Hurricanes Getting Stronger? NO!
A commentary by J. D. Longstreet
Sitting here, in the Hurricane Alley of the Carolinas, as I am, with two or three storms churning to my east, as I write this, I have become something of a student of hurricanes… as all residents of the Carolina coast must. It is a self-defense measure.
All the “Chicken Littles” running around yelling that Hurricanes are becoming more powerful are just wrong. This year’s storms are well within the bounds of the Saffir-Simpson scale. (At least - so far!) The Saffir-Simpson scale categorizes hurricane intensity on a scale of one to five. (CAT-5 storms have winds above 155 mph.) Although Katrina’s winds reached, at one point, 175 mph, they didn’t remain there for long. She was a Cat-4 when she made landfall.
The increase in damage costs are escalating, for one reason, and one reason only… the rise in building along the southern coasts. The more property there is for a storm to destroy, the higher the cost of that storm. It’s just common sense.
One out of every 4, or 5, hurricanes to develop in the Atlantic strikes the shore near where I live. Residents in this part of the US have deep respect for these monsters of nature and we do not take them lightly. We treat every one as a potential killer. Each storm is different. They may look alike, and they may have characteristics similar, but, always, they are different. They are near totally unpredictable. We like to think we can predict what they are going to do, and when, but we can only hazard educated guesses.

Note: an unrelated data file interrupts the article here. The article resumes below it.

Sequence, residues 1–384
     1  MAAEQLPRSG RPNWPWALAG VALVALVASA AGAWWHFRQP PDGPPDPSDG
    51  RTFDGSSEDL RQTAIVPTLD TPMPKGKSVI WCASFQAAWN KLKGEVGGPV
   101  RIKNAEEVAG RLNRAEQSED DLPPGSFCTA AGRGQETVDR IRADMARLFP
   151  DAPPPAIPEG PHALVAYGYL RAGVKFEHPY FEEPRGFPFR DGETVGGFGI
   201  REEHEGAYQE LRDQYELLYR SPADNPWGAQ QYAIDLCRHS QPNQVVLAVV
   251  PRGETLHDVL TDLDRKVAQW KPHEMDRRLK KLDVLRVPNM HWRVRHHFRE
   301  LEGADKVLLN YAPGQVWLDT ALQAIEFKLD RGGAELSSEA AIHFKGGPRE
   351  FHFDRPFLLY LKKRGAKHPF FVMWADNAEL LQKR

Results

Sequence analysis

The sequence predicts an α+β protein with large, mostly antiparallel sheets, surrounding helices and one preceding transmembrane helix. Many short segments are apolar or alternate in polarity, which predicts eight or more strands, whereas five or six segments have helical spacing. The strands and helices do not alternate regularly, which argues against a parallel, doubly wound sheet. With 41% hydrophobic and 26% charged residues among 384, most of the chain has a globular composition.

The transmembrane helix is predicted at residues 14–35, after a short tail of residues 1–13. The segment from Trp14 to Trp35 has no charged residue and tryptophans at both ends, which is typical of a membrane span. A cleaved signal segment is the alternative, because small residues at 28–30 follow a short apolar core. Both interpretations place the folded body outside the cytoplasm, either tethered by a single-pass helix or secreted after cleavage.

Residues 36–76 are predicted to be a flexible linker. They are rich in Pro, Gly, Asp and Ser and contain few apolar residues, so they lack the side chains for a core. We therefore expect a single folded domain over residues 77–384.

Look, when we are sitting, huddled in our homes, and the very house is vibrating from the power of the winds and horizontal rains, we recognize just how infinitesimal we are in the face of the power of Nature and Nature’s God. It is then we understand that no matter how strong we may become, no matter how self sufficient we become, just one act of God can bring us to our knees. This is brought home to those of us in the Southeastern states every year.
Science is a wonderful thing and I have all the respect in the world for it. But, science cannot create a hurricane. Science cannot disrupt a hurricane. It is all science can do to give us an approximate point of landfall. More often than not, they even get that wrong.
As the rebuilding of New Orleans continues, I would warn that we should not be surprised if, before this season is over, another storm pays a call on the “sunken city”.
One would have to be a fool to bet otherwise.
J. D. Longstreet